[time-nuts] filtering a 10Mhz frequency standard?

shalimr9 at gmail.com shalimr9 at gmail.com
Tue Dec 13 11:04:45 EST 2011

If your intent is to take full advantage of the long term as well as short term stability of a reference oscillator, the best approach is a low pass filter that will have small (and stable) phase shift at 10 MHz.
Most bandpass filters will have enough temperature sensitivity of the phase shift through the filter to degrade the performance of an Rb. It may look fine on the scope but would not give you good long term adev.

If you don't care about long term stability, you probably do not need an Rb in the first place.

If you only need good long term frequency stability and phase (or absolute time) is of no concern, then the type of filter (and whether there is a filter or not) does not matter.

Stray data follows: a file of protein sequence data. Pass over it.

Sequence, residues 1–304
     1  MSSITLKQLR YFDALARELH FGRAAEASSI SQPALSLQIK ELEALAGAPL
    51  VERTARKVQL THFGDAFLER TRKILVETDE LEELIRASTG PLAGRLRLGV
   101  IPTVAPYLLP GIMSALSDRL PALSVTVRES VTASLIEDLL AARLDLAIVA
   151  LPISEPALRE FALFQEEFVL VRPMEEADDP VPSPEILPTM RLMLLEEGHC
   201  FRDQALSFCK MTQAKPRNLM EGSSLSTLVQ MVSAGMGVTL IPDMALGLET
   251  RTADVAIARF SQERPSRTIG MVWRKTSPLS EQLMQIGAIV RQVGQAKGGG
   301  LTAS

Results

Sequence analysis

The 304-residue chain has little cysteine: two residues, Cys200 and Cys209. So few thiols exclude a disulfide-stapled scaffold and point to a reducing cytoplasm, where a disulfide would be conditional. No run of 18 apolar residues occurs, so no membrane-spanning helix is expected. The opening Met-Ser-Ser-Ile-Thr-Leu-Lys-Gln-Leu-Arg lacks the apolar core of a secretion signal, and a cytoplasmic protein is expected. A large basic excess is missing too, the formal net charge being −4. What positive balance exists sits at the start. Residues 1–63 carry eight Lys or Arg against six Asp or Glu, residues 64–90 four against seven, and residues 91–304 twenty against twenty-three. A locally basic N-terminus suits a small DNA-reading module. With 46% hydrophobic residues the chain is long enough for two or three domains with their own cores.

Didier KO4BB

Sent from my BlackBerry Wireless thingy while I do other things...

-----Original Message-----
From: Chris Albertson <albertson.chris at gmail.com>
Sender: time-nuts-bounces at febo.com
Date: Mon, 12 Dec 2011 17:54:09 
To: Discussion of precise time and frequency measurement<time-nuts at febo.com>
Reply-To: Discussion of precise time and frequency measurement
	<time-nuts at febo.com>
Subject: [time-nuts] filtering a 10Mhz frequency standard?

What is the best practice for filtering a 10Mhz sine wave frequency
standard?   I've read that you can do more harm than good. Filter
parts  (caps, resistors and so on) are all temperature sensitive. But
all those $40 Rb oscillators are putting out a pretty rough looking
sine wave.

Are some types of filters better.  I thought about a crystal filters.


Chris Albertson
Redondo Beach, California

time-nuts mailing list -- time-nuts at febo.com
To unsubscribe, go to https://www.febo.com/cgi-bin/mailman/listinfo/time-nuts
and follow the instructions there.

More information about the time-nuts mailing list